Confidential waste paper – recycling and regulations
The environmental importance of paper recycling cannot be disputed. But when it comes to confidential waste paper, is there a danger that data protection responsibilities are being neglected? Dan Fairest, sales manager of UNTHA UK and confidential waste shredding specialist, spoke to Pulp Paper & Logistics magazine recently, on this very topic. If you missed the resulting article, including his advice for achieving a best practice approach which complies with both the waste hierarchy and the law, you can read it in full here…
“Very few people would contest the importance of waste paper recycling in the UK, even if there is room for improvement when it comes to many individuals’ own domestic or commercial approach to this activity. But when waste paper contains confidential or potentially sensitive information, there is no room for error. An organisation’s legal responsibility to proficiently handle such materials is strictly regulated under the Data Protection Act 1998, and any breaches of the DPA can lead to fines of up to £500,000 being imposed by the Information Commissioner’s Office (ICO).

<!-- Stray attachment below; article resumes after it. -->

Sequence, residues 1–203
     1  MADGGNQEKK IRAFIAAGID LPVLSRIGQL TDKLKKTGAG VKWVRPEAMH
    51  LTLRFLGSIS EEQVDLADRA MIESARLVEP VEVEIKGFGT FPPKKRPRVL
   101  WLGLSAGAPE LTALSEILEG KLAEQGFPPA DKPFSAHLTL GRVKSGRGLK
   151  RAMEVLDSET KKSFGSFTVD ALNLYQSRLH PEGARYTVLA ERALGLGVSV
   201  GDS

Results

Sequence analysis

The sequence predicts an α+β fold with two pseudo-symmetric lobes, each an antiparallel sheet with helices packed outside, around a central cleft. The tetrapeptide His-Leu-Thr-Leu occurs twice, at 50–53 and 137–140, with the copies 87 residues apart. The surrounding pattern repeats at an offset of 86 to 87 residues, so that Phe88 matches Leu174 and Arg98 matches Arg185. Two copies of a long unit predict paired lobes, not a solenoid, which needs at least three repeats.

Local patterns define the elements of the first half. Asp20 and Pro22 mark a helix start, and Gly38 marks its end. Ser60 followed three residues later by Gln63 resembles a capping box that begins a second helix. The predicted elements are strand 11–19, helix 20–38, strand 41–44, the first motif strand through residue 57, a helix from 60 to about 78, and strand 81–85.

The recycling landscape therefore becomes much more complex when handling materials of this nature. Of course the waste hierarchy should be observed and, where possible, the material fibre preserved to optimise the recyclate quality of the paper concerned. But there is also a pressing need to securely destroy any information that could risk breaching data protection laws. This isn’t just the case for confidential paperwork – packaging labels containing recipient details, bank notes, postage stamps, branded packaging and cheques all fall under the same umbrella.